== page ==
TESCAN insitu tensile testing, University of Surrey perform correlative materials characterisation using Deben MT5000

Dr Tan Sui is a Lecturer in Materials Engineering (Assistant Professor) in the Department of Mechanical Engineering Sciences at the University of Surrey, UK [1]. Her current research group consists of one Research Fellow, four PhD students as principal supervisor and three PhD/EngD students as co-supervisor. Her research portfolio is focused on investigating the structure property evolution and structural integrity of hierarchical natural and bioinspired materials. Her research areas also include probing the processing-structure-residual stress relationship and micromechanical mechanism of failure in engineering alloys and advanced energy materials. Her expertise includes synchrotron X-ray with multi-modal correlative microscopy and multi-scale modelling. Her research vision is to characterise and understand the intricate links between structure and mechanical property in these material systems at different length scales, as this is essential for development towards improved design and extended functionality for future applications.

In 2018 Dr Sui’s group purchased a high-precision tension-compression-bending stage from Deben UK (MT5000), the MT5000 system was ordered with various exchangeable loadcells and a heating-cooling feature. The aim is to develop a unique facility which specialises in in-situ & correlative materials characterisation at the University of Surrey. The Deben MT5000 has been successfully integrated with a TESCAN FERA3 Xe Plasma FIB-SEM at Surrey and synchrotron X-ray beamlines at Diamond Light Source (DLS). A full range of loading scenarios and sequences will undoubtedly enable the generation of new data that will provide further insight into the complex mechanism of mechanical deformation and failure in natural and engineered materials (including dental tissues, bioinspired composites and engineering alloys).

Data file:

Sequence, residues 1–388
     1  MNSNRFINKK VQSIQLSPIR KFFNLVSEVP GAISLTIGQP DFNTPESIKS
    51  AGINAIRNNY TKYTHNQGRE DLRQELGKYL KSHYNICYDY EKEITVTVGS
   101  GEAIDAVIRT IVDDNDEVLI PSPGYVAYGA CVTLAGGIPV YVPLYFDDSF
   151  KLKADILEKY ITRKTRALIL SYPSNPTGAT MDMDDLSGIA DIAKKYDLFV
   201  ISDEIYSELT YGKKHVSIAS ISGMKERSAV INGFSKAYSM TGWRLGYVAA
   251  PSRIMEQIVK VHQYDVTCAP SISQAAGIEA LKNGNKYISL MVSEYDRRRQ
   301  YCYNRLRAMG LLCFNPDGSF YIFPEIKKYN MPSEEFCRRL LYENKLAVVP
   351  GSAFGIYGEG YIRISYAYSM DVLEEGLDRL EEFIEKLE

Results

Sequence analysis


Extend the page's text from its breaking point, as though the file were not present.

Nathanael Leung hard at work using the Deben MT5000 Microtest Tensile Stage integrated in the PFIB-SEM at the University of Surrey.

Mr Nathanael Leung (a second-year PhD student) and Dr Jingyi Mo (a Research Fellow) from Dr Sui’s group have been working on novel bioinspired dental composite using the Deben Microtest MT5000 system. The experimental work provided the groundwork for a recently awarded 2-year EPSRC grant (EP/S022813/1), collaborating with University of Bristol, University of Birmingham, Chinese University of Hong Kong and National Physical Laboratory (NPL) [2]. The goal of the project is to provide a fundamental understanding of the role of bioinspired microstructural features in determining the mechanical properties of novel dental composites for dental crown applications. Studies have shown that over 40% of the world’s population are affected by oral disease, therefore there is a ‘real-life’ growing demand for highly effective solutions with increased longevity.

Nathanael describes his work and experience using the Deben system: ‘My project is to optimise the design and development of cost effective, freeze-casted, bioinspired ceramic composites, fabricated in the Biomaterials Engineering Group (bioMEG) led by Professor Bo Su, Bristol, by studying the fracture mechanics of the material. I do this by using the Deben stage to perform 3-point bending fracture toughness tests on nacre-like composites, inside an SEM. Being able to perform these tests in an SEM allows me to observe and identify the fracture mechanisms that are taking place, in real-time. This tells me what adjustments need to be made to the microstructural design and to determine a structural configuration that provides the optimum fracture toughness properties’.

In-situ fracture toughness testing of a lamellar alumina-PMMA composite. Secondary electron and back-scattered electron images of the notch tip showing early crack growth, next to which is the synchronised Deben force-displacement curve.”







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